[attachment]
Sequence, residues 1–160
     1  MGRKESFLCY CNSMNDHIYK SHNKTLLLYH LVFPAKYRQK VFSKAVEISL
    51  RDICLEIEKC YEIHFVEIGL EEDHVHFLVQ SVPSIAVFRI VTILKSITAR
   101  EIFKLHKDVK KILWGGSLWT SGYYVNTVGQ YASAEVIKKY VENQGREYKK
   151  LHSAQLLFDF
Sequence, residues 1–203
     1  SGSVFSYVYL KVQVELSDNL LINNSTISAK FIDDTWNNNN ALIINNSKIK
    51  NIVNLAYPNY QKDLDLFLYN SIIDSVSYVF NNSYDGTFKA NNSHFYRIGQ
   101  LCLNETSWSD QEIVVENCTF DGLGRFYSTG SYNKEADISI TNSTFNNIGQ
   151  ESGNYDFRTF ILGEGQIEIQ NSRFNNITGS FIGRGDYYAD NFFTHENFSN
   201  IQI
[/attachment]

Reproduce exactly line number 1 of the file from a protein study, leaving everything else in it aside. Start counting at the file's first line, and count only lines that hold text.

Sequence, residues 1–160